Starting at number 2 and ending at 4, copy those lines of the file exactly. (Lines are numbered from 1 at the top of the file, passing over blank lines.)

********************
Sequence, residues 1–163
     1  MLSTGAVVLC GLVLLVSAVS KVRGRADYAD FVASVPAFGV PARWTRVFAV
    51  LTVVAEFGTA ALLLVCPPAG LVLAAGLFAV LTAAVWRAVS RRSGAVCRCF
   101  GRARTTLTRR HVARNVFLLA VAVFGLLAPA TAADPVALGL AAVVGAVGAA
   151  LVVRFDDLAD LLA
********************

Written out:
     1  MLSTGAVVLC GLVLLVSAVS KVRGRADYAD FVASVPAFGV PARWTRVFAV
    51  LTVVAEFGTA ALLLVCPPAG LVLAAGLFAV LTAAVWRAVS RRSGAVCRCF
   101  GRARTTLTRR HVARNVFLLA VAVFGLLAPA TAADPVALGL AAVVGAVGAA